Obama's Abortion Distortion
The senator's excuses for opposing the Born-Alive Infants Protection Act don't withstand scrutiny.
12:00 AM, Aug 13, 2008 • By KEVIN VANCE
IN MARCH 2003, registered nurse Jill Stanek submitted a statement to the Illinois Senate Health and Human Services committee in which she reported that infants who survived abortions at her Oak Lawn hospital were sometimes "taken to the Soiled Utility Room and left alone to die." Stanek was lobbying the committee to approve the Born-Alive Infants Protection Act of 2002, which would have recognized any infant born alive after an abortion as a human being deserving legal protection. Barack Obama, then the committee chairman, defeated the bill with his fellow Democrats in a 6-4 party-line vote.
Obama's campaign website offers two reasons why the senator opposed the bill in 2003. First, the website claims that Obama did not support the state legislation because it lacked language "clarifying that the act would not be used to undermine Roe vs. Wade." The website cites Obama's assertion that he would have supported the similar federal born-alive bill, which included language clarifying that it would not undermine Roe v. Wade when it unanimously passed the Senate in 2001.
In fact, the federal legislation and the final version of the Illinois senate bill were essentially the same. On Monday, the National Right to Life Committee (NRLC) released documents that showed that the Illinois senate committee unanimously approved an amendment that made the state legislation almost identical to the federal legislation. The amendment provided that the act should not be "construed to affirm, deny, expand, or contract any legal status or legal right applicable to any member of the species homo sapiens at any point prior to being 'born alive'". This was the precise language of the federal bill Obama thought to be a sufficient protection of Roe v. Wade.
The other reason Obama opposed the bill, according to his website, is that the "born alive principle was already the law in Illinois." An existing 1975 law is cited as proof that new legislation was unnecessary.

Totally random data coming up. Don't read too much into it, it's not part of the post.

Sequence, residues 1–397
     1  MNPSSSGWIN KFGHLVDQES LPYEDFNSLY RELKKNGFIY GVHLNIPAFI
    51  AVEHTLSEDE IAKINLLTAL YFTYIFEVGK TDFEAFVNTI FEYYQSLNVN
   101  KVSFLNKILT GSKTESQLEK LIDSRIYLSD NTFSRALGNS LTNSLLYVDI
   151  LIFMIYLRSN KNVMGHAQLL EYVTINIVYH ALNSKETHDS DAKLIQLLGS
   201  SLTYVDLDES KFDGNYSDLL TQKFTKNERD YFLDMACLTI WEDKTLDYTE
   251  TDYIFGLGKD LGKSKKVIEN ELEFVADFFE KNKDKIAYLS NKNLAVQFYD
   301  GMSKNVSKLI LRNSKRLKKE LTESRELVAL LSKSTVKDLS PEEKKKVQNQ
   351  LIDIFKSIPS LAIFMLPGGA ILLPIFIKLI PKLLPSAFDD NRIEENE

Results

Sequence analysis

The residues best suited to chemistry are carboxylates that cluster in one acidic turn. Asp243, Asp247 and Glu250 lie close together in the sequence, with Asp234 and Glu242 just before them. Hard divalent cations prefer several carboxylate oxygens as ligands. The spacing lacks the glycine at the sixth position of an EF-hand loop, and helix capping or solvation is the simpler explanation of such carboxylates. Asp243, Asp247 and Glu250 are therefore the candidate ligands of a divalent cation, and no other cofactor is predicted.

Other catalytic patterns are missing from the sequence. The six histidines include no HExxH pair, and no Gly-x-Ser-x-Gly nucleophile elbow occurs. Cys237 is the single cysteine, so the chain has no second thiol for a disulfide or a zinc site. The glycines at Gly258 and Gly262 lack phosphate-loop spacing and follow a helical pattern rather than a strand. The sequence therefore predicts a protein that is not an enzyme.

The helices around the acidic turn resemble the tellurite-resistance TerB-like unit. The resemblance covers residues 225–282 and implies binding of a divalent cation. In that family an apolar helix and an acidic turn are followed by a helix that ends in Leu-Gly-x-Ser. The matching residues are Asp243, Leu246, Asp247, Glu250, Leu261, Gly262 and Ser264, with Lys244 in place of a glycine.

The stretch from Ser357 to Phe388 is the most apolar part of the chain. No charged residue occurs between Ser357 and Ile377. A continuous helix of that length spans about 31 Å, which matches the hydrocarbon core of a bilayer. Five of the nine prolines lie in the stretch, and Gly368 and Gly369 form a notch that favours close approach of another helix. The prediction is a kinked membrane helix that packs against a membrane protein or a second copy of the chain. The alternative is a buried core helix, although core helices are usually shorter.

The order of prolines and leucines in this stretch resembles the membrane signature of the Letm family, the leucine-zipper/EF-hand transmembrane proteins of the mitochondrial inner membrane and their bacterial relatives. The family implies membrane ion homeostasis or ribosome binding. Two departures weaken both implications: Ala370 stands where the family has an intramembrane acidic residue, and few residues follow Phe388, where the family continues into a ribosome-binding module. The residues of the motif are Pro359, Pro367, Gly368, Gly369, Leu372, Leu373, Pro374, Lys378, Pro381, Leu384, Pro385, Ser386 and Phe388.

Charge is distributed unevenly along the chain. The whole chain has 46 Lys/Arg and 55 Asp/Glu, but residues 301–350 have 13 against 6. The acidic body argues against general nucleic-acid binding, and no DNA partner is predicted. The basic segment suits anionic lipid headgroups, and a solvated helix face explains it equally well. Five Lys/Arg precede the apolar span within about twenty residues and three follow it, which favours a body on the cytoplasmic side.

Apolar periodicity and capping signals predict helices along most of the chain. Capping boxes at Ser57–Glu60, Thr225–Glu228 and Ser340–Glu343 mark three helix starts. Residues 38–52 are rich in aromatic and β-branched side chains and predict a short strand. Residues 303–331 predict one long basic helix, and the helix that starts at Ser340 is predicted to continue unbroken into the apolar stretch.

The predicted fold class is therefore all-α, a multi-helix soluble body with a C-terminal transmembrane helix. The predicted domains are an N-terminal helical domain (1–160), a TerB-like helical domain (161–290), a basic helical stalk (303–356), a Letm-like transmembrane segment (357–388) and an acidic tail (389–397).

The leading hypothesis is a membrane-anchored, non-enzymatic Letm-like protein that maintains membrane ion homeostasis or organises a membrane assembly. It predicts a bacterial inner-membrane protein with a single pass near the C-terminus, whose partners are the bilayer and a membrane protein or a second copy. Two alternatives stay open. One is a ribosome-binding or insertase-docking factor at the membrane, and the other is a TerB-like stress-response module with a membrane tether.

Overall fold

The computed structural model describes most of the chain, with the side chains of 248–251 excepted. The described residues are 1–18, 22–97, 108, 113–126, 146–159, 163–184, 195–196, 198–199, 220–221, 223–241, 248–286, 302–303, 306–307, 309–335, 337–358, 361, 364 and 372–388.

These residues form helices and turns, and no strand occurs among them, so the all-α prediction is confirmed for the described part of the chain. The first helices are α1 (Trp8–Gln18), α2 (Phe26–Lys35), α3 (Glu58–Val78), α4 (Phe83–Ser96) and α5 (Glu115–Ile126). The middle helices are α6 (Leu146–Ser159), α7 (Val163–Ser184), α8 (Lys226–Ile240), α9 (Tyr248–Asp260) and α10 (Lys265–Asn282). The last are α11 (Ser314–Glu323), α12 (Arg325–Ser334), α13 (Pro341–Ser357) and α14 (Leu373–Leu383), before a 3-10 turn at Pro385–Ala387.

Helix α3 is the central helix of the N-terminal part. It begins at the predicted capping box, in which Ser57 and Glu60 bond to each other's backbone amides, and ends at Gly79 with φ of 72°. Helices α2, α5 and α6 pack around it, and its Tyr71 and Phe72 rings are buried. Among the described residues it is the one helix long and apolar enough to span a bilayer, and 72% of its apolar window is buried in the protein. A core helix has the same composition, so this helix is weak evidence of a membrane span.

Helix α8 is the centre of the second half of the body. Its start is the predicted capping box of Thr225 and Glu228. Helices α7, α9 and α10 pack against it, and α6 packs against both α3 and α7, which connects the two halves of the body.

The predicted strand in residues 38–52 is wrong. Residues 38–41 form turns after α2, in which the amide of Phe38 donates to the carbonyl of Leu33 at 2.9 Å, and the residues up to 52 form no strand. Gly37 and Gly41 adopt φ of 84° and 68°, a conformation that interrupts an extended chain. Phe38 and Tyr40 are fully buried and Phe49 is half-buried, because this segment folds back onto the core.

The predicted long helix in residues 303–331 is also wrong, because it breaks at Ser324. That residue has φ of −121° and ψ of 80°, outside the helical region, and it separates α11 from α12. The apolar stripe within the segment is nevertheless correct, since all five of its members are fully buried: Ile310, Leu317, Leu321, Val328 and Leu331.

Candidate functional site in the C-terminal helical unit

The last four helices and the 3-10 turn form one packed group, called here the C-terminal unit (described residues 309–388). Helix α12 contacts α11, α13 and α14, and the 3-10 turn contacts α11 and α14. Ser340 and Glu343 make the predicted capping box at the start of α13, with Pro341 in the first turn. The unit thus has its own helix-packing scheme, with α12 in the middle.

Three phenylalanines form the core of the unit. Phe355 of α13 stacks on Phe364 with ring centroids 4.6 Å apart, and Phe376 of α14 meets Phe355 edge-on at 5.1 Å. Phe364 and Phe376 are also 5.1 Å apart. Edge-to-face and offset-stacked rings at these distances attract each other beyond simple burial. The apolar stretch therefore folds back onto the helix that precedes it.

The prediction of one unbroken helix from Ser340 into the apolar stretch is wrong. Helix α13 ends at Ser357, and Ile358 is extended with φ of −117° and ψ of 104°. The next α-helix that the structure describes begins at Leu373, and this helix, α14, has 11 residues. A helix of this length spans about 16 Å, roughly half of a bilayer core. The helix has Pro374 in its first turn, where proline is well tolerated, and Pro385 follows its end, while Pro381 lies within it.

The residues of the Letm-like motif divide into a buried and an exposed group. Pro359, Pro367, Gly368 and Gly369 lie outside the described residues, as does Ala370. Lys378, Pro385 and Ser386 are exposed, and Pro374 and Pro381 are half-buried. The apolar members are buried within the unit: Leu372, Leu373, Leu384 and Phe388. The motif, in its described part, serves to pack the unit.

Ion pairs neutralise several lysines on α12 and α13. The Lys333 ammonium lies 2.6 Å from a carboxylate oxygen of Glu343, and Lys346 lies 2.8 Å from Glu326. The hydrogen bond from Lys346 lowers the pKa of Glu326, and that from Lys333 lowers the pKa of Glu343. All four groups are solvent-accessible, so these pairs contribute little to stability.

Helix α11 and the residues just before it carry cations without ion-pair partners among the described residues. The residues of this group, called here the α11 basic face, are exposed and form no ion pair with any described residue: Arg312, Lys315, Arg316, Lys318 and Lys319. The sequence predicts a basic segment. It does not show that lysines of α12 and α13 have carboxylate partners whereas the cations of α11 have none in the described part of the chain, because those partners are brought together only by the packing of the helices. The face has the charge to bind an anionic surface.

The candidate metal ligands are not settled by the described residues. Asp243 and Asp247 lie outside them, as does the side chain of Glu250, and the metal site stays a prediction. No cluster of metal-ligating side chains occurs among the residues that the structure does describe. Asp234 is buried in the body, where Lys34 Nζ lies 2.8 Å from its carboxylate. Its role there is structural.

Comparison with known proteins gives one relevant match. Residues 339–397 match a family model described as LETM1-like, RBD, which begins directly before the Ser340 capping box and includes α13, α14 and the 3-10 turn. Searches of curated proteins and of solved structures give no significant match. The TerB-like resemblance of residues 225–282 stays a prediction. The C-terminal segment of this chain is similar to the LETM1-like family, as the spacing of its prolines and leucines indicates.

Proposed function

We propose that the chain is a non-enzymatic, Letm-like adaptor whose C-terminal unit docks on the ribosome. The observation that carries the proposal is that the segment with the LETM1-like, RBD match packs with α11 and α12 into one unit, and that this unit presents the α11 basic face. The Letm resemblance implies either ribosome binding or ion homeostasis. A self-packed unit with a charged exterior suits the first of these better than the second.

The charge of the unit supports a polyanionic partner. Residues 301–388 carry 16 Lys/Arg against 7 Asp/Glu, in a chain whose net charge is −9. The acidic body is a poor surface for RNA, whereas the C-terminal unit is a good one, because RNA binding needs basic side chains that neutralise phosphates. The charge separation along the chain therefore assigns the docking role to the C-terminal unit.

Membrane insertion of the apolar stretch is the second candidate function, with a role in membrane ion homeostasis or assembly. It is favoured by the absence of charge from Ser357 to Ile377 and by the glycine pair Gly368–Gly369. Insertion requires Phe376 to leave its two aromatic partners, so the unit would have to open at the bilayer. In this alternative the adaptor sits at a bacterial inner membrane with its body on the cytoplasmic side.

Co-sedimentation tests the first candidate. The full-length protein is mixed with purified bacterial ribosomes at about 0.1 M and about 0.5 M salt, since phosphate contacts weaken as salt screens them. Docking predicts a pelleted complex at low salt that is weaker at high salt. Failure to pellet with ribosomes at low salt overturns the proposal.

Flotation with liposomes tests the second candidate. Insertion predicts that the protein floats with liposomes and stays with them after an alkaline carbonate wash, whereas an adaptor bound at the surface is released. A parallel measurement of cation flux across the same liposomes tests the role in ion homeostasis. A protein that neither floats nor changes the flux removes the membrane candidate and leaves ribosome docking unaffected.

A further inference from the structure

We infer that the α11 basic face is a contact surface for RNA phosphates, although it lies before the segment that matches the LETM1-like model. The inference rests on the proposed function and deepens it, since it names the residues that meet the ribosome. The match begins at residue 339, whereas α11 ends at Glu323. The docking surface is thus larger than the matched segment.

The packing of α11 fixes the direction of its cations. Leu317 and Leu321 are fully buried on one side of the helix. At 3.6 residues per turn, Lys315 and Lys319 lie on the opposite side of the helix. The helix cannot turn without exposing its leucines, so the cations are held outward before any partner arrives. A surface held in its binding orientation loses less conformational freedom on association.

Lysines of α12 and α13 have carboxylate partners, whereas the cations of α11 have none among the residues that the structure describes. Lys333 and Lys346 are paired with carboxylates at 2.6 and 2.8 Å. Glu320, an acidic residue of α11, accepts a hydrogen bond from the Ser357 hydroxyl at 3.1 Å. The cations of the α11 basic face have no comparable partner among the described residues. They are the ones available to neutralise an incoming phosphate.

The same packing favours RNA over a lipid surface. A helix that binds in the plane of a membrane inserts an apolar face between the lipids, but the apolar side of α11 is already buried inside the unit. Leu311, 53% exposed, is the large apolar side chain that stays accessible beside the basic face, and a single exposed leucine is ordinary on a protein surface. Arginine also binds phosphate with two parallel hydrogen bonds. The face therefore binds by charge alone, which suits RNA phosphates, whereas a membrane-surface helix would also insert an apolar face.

Illinois state senator Dale Righter, the ranking Republican on the 2003 Health and Human Services Committee, says Obama did not raise that concern at the hearing: "There was no discussion of anything like that." Democratic state senator Susan Garrett similarly says she did not remember the 1975 law being raised during the hearing.
Obama's campaign did not return a phone call asking for a response to Righter's claim.
In any case, the 1975 law does not apply to non-viable infants born alive. According to Paul Linton, special counsel for the Thomas More Society, the 2003 bill was a response to the question, "What duties are owed to a non-viable child born alive?" The bill sought to guarantee comfort care for non-viable infants similar to the care that would be provided to any terminally ill adult. "Many of these babies lived for hours after birth," Susan T. Muskett, legislative counsel at the NRLC, writes in an email. "Are these babies medical waste, or persons protected by the Constitution? Obama's reaction was to consider them non-entities under Roe v. Wade until they were 'viable,' even when they were gasping outside the mother."
It is unclear why the six Democrats on the committee opposed the motion to pass the bill as amended on to the full Illinois senate.
A spokesman for Democratic state senator Mattie Hunter, the vice chairman of the committee, says that the Hunter voted "no" so that the Republican sponsor of the bill could work on it more. Democratic senator Susan Garrett had forgotten about the amended language in the bill, but when reminded of it she thought she might have voted "no" because "it gets into the quagmire of abortion." Planned Parenthood lobbyist Pam Sutherland believes that the Democrats pre-empted the Republicans by killing the bill. She says the "Born-Alive Infants Protection Act" was part of a bundle of three bills, and that the sponsors wanted "all three or nothing." However, the committee voted down the act independent of any other bill.
Christine Radogno, a Republican senator who voted for the act during the 2003 committee hearing, thinks that the Democrats killed the bill for political reasons. "Anything promoted by pro-life groups, the pro-choice Democrats just wouldn't be for it," she says. "They just didn't want to give the pro-life groups a victory."
Kevin Vance, a Collegiate Network fellow, is an editorial assistant at THE WEEKLY STANDARD.